This lesson was developed by Dr. Cynthia Annett, who has her doctorate from the University of California at Berkeley in Zoology with a
You can find additional resources for this lesson by clicking on these links:
Amphibian and Reptile species on Friends of the Kaw's Critter Corner website
Kansas State Standards can be downloaded in Word format from our school standards page
Materials used to reproduce frog songs can include balloons, musical instruments, door hinges, or any other "sound effects" equipment that the students can imagine. Use a video camera or digital tape recorder to make an audio file of the students imitating frog calls and compare them to the sounds made by the frogs recorded in the YouTube videos and Kansas Herpetological Atlas.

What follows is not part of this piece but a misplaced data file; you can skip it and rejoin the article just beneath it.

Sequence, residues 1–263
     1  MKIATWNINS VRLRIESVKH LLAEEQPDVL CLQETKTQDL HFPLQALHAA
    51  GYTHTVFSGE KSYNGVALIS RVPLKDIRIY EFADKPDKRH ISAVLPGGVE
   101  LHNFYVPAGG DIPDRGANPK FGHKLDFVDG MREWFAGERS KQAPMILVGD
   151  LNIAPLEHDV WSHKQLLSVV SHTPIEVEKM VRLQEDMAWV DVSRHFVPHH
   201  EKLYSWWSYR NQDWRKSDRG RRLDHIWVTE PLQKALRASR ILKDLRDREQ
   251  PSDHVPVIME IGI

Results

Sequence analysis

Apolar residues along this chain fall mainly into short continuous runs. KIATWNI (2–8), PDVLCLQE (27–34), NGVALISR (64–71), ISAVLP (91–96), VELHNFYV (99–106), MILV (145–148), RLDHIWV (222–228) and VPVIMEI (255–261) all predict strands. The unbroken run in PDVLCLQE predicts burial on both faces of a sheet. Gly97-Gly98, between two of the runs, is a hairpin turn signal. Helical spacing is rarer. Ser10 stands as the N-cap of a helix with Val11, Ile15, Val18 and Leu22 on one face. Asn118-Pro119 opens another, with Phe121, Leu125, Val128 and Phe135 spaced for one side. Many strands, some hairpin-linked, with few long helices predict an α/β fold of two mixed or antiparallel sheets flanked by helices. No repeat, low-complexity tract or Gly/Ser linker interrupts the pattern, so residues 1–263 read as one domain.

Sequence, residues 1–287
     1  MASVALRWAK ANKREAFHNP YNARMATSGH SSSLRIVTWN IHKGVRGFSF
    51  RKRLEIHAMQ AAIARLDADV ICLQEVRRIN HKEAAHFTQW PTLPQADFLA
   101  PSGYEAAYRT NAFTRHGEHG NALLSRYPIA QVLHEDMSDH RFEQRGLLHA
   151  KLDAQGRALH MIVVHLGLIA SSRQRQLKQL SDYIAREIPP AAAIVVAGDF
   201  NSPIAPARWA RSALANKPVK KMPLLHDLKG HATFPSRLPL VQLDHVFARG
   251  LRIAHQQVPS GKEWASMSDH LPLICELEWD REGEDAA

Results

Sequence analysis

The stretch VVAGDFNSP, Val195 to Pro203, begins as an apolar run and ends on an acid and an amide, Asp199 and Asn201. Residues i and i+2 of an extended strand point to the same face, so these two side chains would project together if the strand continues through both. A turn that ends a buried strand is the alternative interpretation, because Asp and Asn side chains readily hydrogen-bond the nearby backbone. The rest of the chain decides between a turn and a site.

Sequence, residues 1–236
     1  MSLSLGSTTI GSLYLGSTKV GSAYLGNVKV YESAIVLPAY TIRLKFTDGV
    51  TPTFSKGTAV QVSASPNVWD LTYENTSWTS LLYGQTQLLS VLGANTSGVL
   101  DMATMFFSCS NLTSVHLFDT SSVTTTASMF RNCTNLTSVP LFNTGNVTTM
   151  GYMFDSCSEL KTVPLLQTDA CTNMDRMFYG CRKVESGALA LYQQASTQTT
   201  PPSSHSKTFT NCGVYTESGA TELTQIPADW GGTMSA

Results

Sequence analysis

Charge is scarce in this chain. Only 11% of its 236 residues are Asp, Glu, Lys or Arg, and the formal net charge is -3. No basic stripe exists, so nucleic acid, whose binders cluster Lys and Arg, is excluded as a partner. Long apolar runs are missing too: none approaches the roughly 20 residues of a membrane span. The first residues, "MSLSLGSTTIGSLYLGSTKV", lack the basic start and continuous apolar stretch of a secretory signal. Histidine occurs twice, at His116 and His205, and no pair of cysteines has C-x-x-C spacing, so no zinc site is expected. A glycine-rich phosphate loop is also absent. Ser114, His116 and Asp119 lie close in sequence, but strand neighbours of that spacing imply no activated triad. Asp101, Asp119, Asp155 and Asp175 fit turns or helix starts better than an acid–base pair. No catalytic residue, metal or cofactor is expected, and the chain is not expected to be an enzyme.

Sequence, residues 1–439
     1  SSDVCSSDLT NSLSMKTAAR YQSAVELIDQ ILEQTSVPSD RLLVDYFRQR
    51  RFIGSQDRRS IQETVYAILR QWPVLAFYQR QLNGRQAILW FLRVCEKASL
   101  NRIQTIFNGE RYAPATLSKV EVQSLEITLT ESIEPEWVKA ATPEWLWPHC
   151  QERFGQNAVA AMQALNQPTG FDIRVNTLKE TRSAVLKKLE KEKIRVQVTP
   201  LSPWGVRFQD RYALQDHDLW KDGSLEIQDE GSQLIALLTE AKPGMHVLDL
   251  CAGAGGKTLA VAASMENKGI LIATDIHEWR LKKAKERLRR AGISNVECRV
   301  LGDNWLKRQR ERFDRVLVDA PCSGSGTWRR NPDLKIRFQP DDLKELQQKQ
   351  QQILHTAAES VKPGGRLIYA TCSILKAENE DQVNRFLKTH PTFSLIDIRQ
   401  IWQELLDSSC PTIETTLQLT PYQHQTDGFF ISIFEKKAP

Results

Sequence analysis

Method: This should be a creative exercise that engages the student's imagination and shows them how to listen for differences in pitch, duration, repetition and other characteristics of mating calls.
Students are provided with a series of prompts to help them focus on characteristics that are important in differentiating between the calls of different species (see Lecture/Discussion section below). After listening carefully to each frog call in the three YouTube videos the students will create sounds using words, their voices, musical instruments and other objects to try to imitate the calls.